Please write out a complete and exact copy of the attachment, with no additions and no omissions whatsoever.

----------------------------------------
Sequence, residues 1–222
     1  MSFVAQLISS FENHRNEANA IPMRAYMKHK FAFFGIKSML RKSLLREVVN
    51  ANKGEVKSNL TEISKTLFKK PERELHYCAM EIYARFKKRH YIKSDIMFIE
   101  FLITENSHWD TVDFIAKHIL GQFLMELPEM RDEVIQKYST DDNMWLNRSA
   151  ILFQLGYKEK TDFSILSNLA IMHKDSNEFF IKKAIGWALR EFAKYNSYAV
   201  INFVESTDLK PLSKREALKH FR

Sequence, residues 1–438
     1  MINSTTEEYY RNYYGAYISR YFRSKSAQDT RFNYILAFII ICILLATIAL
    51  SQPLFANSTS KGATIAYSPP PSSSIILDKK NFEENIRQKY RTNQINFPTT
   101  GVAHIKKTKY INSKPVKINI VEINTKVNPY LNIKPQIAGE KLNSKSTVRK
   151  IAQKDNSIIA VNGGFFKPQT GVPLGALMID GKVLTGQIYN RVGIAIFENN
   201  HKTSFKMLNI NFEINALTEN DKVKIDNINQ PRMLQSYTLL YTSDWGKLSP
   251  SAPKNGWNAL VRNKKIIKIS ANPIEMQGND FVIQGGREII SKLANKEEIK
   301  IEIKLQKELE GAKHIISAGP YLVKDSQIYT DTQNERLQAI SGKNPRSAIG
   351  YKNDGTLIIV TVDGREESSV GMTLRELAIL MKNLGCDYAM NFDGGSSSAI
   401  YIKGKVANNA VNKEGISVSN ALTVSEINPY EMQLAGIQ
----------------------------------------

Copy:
Sequence, residues 1–222
     1  MSFVAQLISS FENHRNEANA IPMRAYMKHK FAFFGIKSML RKSLLREVVN
    51  ANKGEVKSNL TEISKTLFKK PERELHYCAM EIYARFKKRH YIKSDIMFIE
   101  FLITENSHWD TVDFIAKHIL GQFLMELPEM RDEVIQKYST DDNMWLNRSA
   151  ILFQLGYKEK TDFSILSNLA IMHKDSNEFF IKKAIGWALR EFAKYNSYAV
   201  INFVESTDLK PLSKREALKH FR

Sequence, residues 1–438
     1  MINSTTEEYY RNYYGAYISR YFRSKSAQDT RFNYILAFII ICILLATIAL
    51  SQPLFANSTS KGATIAYSPP PSSSIILDKK NFEENIRQKY RTNQINFPTT
   101  GVAHIKKTKY INSKPVKINI VEINTKVNPY LNIKPQIAGE KLNSKSTVRK
   151  IAQKDNSIIA VNGGFFKPQT GVPLGALMID GKVLTGQIYN RVGIAIFENN
   201  HKTSFKMLNI NFEINALTEN DKVKIDNINQ PRMLQSYTLL YTSDWGKLSP
   251  SAPKNGWNAL VRNKKIIKIS ANPIEMQGND FVIQGGREII SKLANKEEIK
   301  IEIKLQKELE GAKHIISAGP YLVKDSQIYT DTQNERLQAI SGKNPRSAIG
   351  YKNDGTLIIV TVDGREESSV GMTLRELAIL MKNLGCDYAM NFDGGSSSAI
   401  YIKGKVANNA VNKEGISVSN ALTVSEINPY EMQLAGIQ